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Can God understand me?

John Rentz hears the heartache of people in a remote region who can’t imagine God knows their language.

John and Rosalie Rentz have been involved in Bible translation work in the Solomon Islands for more than 30 years. John tells how he was called to this type of ministry, and why he is passionate about making the Word of God available in every language.

“I received my first Bible when I was eight years old,” said John. “My family attended church regularly and I was given the Bible as a gift from the church, but I never read it.”

At age 15, John attended a family reunion and saw a cousin who had been radically transformed by Jesus. Her faith was inspiring and he began to wonder if he could know Jesus the way she did.

“I went home, dusted off that same Bible, and began to read the Gospel of John. Through reading Scripture, I encountered Jesus and came to faith.”

John’s dream was to become a mathematician and study at Georgia Tech, but he felt called to become a pastor. He struggled with that call, but submitted to what he felt the Lord was leading him to do. He attended college and then enrolled at Asbury Theological Seminary.

“As I was reading the Bible one night, I had a vision from God,” said John. “I was reading Psalm 22, and I saw a man proclaiming the gospel on a remote island. I sensed God saying, ‘John, you belong in that picture.’

“I didn’t realize at that time that hundreds of millions of people did not have any access to the Word of God, much less in their own language.”

While at Asbury, John learned of Wycliffe Bible Translators. After graduation, he pastored a church in southern Georgia and continued to research translation work. While attending a Wycliffe training event, John met Rosalie, a beautiful Kiwi who also had a passion for translation work. The two were soon married.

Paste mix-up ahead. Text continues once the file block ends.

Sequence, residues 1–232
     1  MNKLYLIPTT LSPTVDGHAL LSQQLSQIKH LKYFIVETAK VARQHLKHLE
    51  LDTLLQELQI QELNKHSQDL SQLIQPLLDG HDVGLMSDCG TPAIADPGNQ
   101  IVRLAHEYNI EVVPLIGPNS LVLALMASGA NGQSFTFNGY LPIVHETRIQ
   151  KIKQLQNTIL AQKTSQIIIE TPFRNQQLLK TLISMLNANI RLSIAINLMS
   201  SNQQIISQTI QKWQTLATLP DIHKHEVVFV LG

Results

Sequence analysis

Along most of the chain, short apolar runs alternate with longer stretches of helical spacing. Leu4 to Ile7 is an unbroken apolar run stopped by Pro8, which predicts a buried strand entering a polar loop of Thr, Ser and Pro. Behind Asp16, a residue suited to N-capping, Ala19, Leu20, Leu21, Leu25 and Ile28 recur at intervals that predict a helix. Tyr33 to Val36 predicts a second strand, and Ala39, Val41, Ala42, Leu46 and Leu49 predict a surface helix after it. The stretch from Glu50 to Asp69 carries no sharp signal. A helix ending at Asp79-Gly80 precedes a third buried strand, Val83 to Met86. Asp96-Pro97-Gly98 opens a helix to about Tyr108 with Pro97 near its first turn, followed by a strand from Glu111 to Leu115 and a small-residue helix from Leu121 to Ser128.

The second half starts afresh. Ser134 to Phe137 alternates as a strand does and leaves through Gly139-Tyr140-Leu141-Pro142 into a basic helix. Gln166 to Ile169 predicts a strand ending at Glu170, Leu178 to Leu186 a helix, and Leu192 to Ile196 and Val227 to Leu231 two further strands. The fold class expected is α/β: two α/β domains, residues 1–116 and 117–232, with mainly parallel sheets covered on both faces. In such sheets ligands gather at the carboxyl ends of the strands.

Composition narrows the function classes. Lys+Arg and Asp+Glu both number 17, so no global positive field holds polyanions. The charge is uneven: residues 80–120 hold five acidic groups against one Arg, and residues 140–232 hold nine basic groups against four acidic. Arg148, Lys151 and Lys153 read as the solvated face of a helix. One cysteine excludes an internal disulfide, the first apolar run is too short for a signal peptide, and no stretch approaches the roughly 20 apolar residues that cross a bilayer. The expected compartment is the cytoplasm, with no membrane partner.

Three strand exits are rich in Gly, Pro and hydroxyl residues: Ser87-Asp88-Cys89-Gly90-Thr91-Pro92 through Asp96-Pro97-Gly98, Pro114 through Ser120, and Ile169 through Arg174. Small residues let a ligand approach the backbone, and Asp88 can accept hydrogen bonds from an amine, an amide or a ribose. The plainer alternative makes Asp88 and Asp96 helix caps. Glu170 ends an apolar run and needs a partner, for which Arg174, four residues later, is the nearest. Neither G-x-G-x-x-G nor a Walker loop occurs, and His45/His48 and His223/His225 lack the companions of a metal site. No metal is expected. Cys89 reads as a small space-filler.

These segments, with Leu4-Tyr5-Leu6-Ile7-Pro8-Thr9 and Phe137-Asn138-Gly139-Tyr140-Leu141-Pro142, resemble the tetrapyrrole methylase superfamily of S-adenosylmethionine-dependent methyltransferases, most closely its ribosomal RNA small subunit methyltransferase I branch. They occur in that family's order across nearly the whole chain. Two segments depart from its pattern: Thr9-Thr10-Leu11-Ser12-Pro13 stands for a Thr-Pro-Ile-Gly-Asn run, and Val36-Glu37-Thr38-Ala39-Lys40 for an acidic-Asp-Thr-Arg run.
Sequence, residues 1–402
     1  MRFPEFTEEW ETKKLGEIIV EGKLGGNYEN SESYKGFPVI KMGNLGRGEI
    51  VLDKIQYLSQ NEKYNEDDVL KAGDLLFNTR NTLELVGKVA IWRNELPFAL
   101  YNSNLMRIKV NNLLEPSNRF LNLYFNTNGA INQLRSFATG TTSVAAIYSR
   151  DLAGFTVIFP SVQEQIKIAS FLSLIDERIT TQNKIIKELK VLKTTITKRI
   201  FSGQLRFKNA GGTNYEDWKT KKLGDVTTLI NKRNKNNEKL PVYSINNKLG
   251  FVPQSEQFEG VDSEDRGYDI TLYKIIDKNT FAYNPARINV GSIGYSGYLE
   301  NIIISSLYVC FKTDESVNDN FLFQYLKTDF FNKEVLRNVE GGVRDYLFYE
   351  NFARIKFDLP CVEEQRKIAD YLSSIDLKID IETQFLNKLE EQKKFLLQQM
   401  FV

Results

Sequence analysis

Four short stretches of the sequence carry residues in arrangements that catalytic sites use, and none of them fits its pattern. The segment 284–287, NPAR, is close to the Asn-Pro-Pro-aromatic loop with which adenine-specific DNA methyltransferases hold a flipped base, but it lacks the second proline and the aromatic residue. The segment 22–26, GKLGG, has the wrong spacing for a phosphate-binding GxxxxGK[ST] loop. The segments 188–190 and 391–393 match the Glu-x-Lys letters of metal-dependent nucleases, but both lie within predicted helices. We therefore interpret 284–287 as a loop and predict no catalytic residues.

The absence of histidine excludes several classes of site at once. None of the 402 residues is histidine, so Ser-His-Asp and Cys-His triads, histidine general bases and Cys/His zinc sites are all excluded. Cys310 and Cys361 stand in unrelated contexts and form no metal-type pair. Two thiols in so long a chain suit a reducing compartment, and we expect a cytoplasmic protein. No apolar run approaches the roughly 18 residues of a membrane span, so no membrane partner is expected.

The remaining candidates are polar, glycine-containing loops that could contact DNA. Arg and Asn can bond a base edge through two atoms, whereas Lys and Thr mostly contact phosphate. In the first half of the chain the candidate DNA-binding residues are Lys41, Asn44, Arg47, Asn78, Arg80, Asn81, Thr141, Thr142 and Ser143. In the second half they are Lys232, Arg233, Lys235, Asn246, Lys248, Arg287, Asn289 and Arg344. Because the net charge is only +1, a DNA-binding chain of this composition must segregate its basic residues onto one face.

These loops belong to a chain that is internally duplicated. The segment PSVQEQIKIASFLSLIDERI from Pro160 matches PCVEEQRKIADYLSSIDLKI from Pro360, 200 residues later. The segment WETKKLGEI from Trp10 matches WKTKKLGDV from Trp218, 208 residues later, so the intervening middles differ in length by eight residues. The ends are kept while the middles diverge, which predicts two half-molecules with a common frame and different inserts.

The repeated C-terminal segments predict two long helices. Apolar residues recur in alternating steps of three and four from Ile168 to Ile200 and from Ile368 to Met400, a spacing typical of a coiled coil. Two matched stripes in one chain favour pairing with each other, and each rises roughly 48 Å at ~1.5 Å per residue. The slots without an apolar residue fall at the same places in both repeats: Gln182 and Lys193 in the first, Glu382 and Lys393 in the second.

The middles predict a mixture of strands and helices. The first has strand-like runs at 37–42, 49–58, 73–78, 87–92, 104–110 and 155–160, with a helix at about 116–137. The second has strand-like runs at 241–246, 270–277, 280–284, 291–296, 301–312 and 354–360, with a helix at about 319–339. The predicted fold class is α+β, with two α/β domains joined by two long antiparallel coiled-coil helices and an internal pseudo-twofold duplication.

John and Rosalie became acquainted with the newly forming mission agency, The Mission Society for United Methodists (which is now known as TMS Global). The Rentzes were in the first group of missionaries commissioned by the young organization in 1985. They have served jointly with Wycliffe and TMS Global ever since.

John and Rosalie moved to the Solomon Islands in 1987 and were placed on the Äiwoo language translation project. John’s vision of a man proclaiming the gospel on a remote island was being fulfilled.

“After World War II, there was a church established in every village in the Solomon Islands,” said John. “But the churches did not use the local languages of the people. Instead, they spoke in the Mota language. People had heard of Jesus and could tell you some things about Him, but many people could not understand what was being said in church because it wasn’t their language. They spoke one language in church, then their own local language everywhere else.

“My friend Edmond is a Reef Islander who was helping our team as a main translator. He was in a canoe traveling 40 miles to Santa Cruz when he was blown off course. He and a friend drifted in the open sea for six weeks. This was during World War II, so Allied planes dropped canteens of water and food supplies to the canoe, which is the only way they survived.

“Edmond told me that they prayed the entire time they were in the water. All he could remember were the first two words of the Lord’s Prayer in the Mota language—Our Father. So they said those words over and over for weeks.

“I asked Edmond why he didn’t cry out to God to save him. Why didn’t he pray something other than those two words? He responded, ‘We didn’t know the God of the Bible would understand our language.’

Because Edmond had only heard the Bible read in Mota, He did not know that he could approach God in his native tongue.

“How can you make disciples if they don’t have any access to His Word?” said John. “Surely loving God includes making His Word available to all people.”

Today, translation projects have yet to begin for more than 1,600 languages, which represent 160 million people. Wycliffe’s goal is to begin a translation work in every language by 2025.

Thanks to people devoting their careers to Bible translation work, like John and Rosalie, more people have access to the Word of God in their native language.